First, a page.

Steiner, who’s a long-time GOP activist, Central Committee member, and former Douglas County GOP chair, resigned on Friday, writing on Facebook:

…I believe over the last week the Republican Party lost all remaining pretense of principled conservatism while the national party simultaneously lost any credible claim to being the party of the “rule of law.”  The nominee is a nutcase who can’t even stop defending the National Enquirer the day after the Convention. And in a way I haven’t seen in past elections, this race has turned people I know into people I barely recognize. It’s disheartening.

Though I’ve considered myself a Republican since I saw Reagan debate Carter at age 9, today with sadness I updated my party affiliation.

As I am no longer a registered Republican, I have submitted my resignation as chairman of Republican House District 43.  I have also submitted my resignation as a member of the Colorado Republican Central Committee.

After Steiner, who did not immediately return a call for comment, came Crowder, who tweeted Sunday that he’d resigned his vice chair post and become unaffiliated.

Asked why he left the GOP, Crowder said, “Trump is scraping out everything that the Republican Party has stood for and building a wall in its place.”

“A lot of farmers are concerned about our beef and potato exports,” he continued, telling me about recent conversations at a GOP fundraiser. “There’s a lot of concern about what’s going on.”

Crowder doesn’t see “core Republican principles,” including “sanctity of life” and economic positions, “reflected in our nominee.”

Steiner and Crowder are elected party officials who’ve left the GOP, but other party stalwarts and activists continue to resist pressure to peel off the #NeverTrump label. More on these folks in another post.

Meanwhile, if you hear of more Colorado Republican officials who’ve left the party, please let me know.

Fact Check:  Gardner Opposed Comprehensive Immigration Reform and Backed Government Shutdown

(Check out the update — Promoted by Colorado Pols)

Sen. Cory Gardner.

Sen. Cory Gardner.

Update: After seeing the comments attacking Denver Post editorial page editor Chuck Plunkett, I asked him to comment on my blog post below. I regret not seeking comment from him before posting, but here’s what Plunkett said via email:

Gardner has called for acting on immigration reform. He stood and clapped when Obama asked in is SOTU in 2014 calling for Congress to get it done. He’s for a path to legal status. Yes, he says the border situation has to be secure, and I understand that some use that condition to dodge real reform, but Gardner has for the last two years been more friendly to the issue than others.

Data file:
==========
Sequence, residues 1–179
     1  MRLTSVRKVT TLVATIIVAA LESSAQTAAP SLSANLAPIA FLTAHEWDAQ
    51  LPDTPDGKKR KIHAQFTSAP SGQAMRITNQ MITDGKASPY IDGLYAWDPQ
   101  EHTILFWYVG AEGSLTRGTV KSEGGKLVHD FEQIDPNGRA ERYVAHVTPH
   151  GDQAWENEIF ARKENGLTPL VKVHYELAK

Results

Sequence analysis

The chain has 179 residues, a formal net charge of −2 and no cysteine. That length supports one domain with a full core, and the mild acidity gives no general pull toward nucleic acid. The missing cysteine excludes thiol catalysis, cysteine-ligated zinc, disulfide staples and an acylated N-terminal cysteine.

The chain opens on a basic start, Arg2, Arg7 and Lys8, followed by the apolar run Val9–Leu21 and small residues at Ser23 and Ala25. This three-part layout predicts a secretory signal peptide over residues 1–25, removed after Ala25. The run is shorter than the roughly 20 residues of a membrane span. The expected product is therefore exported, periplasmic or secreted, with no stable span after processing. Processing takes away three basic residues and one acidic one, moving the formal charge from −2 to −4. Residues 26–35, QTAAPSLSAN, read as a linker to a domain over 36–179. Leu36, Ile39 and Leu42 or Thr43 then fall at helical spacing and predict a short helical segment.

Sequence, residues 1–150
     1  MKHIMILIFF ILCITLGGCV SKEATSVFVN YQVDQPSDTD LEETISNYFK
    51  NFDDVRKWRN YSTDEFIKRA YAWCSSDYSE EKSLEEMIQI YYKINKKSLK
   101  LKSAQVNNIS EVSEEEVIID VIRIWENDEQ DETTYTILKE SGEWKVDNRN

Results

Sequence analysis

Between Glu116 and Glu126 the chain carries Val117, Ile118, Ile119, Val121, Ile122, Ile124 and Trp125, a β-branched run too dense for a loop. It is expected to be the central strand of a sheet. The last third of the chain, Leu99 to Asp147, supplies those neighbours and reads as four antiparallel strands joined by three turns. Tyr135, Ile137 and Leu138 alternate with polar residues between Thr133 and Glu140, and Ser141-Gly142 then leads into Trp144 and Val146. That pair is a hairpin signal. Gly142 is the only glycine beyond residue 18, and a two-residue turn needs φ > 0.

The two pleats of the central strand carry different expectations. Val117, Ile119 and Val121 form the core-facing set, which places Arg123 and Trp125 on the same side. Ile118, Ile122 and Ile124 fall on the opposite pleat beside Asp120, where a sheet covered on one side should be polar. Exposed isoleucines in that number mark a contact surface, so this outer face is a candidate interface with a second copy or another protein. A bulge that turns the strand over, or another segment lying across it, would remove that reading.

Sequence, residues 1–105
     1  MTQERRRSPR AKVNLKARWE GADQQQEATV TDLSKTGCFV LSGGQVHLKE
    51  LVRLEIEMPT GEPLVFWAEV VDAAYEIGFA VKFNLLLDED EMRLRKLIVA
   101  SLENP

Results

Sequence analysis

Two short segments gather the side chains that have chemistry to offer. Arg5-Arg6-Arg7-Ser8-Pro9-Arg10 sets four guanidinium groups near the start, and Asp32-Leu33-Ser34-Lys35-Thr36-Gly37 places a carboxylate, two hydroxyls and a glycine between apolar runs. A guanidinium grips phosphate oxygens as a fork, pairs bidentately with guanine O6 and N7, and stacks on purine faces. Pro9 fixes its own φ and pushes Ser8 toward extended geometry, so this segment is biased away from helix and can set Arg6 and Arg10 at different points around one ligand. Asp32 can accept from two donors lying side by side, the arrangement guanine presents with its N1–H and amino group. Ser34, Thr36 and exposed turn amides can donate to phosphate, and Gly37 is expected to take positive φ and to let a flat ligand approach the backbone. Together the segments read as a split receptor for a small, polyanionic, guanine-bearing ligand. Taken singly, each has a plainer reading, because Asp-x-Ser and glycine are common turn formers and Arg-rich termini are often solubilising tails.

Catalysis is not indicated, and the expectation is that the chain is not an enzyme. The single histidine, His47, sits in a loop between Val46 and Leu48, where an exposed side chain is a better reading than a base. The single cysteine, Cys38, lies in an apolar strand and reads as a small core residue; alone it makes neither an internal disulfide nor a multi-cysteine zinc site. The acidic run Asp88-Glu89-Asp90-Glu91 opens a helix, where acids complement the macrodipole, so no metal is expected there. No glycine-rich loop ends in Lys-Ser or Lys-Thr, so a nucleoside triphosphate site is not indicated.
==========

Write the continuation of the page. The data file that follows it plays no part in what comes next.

I include this piece from Mark Matthew’s in 2014 to show what I mean.

I get it that the use of the word “comprehensive” is too much of a buzzword and it isn’t specific enough. And were I writing specifically about immigration I would have had to have been more detailed. But in the context of a broader editorial about leadership styles, a 10,000-foot view comparison between Gardner’s approach and Cruz/Trump, Gardner is much different. Cruz called for deporting 12 million people in the country illegally, for example.

—————-

In an editorial this weekend holding out U.S. Sen. Cory Gardner as the model of the way forward for the Republican Party, The Denver Post claimed Gardner “supports comprehensive immigration reform.”

In fact, then U.S. Rep. Gardner opposed a 2103 comprehensive immigration reform bill, which died in the Republican-controlled House, after it passed by a bipartisan 68-32 vote in the U.S. Senate.

Gardner said at the time immigration reform has to start with border security, and he called for  “additional personnel on the border,” an “e-verify system,” and “additional security, a fence, you name it, on the border.”

Sounds much like Trump, even though The Post’s editorial, titled “How will the GOP rebuild after Trump,” aimed to contrast Gardner with Trump.

Since then, Gardner has called for immigration reform, but the issues section of his website doesn’t list immigration at all. There’s no indication that his position has changed or that he’s for comprehensive immigration reform, in any real sense of the term.

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Hickenlooper book doesn’t convey just how good journalism has been to him